Former Pennsylvania CISO Bob Maley describes hurdles he had to climb during his tenure in the Keystone State.. The trials and tribulations of a CISO working on the state level were discussed at a morning session at SC World Congress Wednesday. Bob Maley, former CISO of the state of Pennsylvanian who founded consultancy Strategic CISO, reviewed some of the major projects he undertook while CISO of the Keystone State, something he was forbidden to disclose while under restrictions to not discuss state matters. Unshackled from those edicts, he told the crowd of a number of projects he accomplished while there, beginning with a determination that anti-virus, firewalls and compliance checklists were insufficient to secure the state network.One of the biggest challenges he faced was needing to justify expenses by proving cost savings. Otherwise, he said, projects would not continue to be funded.Another impediment he found, despite urgency in protecting systems, implementations could take two
Nov 10, 2010 06:29 EST
Is the advanced persistent threat really something new?. The advanced persistent threat, which rose to prominence earlier this year when Google revealed that its corporate systems were raided by well-funded attackers, is really no different than prolific crimeware that organizations have been facing for years.This is the opinion of Jerry Dixon, director of analysis at Team Cymru, a nonprofit internet security research firm. Dixon spoke in a session Wednesday morning at SC World Congress in New York.As such, he said, organizations should treat state-sponsored threats in the same vein as they would attacks targeting bank account credentials or credit card information. Dixon, the former director of the National Cyber Security Division at the U.S. Department of Homeland Security, said many security vendors have picked up and ran with the APT term to pitch products.But the attacks that targeted Google and a number of other high-profile companies to steal intellectual property contain the sa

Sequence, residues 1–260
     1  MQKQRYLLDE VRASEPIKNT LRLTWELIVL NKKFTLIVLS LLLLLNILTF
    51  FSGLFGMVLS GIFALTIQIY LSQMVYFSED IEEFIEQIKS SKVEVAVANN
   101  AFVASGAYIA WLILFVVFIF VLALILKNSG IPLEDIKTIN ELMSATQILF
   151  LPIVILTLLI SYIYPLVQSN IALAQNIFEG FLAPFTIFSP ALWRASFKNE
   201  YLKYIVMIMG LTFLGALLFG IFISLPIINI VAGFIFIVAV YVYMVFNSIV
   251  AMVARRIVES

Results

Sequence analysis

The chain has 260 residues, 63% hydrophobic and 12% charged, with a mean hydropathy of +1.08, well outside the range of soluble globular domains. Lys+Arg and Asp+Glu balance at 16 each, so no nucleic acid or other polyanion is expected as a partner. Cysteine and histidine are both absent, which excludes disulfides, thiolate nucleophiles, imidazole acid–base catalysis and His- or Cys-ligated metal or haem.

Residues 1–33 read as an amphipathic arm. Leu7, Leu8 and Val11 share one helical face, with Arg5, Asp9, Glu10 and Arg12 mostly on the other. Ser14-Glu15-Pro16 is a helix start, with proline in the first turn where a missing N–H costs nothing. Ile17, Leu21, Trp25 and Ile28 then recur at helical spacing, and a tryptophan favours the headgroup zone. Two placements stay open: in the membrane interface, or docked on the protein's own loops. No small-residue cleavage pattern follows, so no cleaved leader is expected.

Oct 29, 2010 09:28 EDT
Security veteran Howard Schmidt and Lt. Gen. Robert Elder are set to speak at next month's SC World Congress, it was announced Friday.. Two of the nation's most prominent and accomplished cybersecurity thinkers are now confirmed to speak Nov. 11 at SC World Congress Data Security Conference and Expo in New York.Howard Schmidt, special assistant to the president and White House cybersecurity coordinator, and retired U.S. Air Force Lt. Gen. Robert Elder are set to delver separate keynotes on the conference's final day, it was announced Friday.In his talk, Schmidt, who was appointed to his current position last December, will offer a progress overview of the nation's cybersecurity efforts and discuss future plans around implementing the president's strategy. Among other topics, Schmidt, the former CEO of the Information Security Forum and CISO at eBay and Microsoft, also will focus on the private sector's role in keeping the nation's critical infrastructure protected.Elder, meanwhile, wil
Oct 20, 2010 10:06 EDT
Another era of security innovation is upon us, but first we must clear some barriers that could deter a new wave of imagination.. The information security industry has evolved through a complete cycle of innovation and stagnation over the last 15 years, but now we are entering the second golden age of IT security. Still, there are forces at work that are inhibiting the current wave of security innovation that we must pay attention to and keep under control. Failing this, our wave will not develop its full potential and we'll all be worse off as a result. Remember the 1990s? Al Gore had just invented the internet. Start-up capital was free (dogfood.com anyone?). Business people were America's heroes, and entrepreneurs were even more revered. New business models promised to change everything. ?Bricks and mortars? were so 20th century, revenue was irrelevant, portals were the future and it was all about eyeballs. This Wild West era of the internet, though, also fostered the golden age of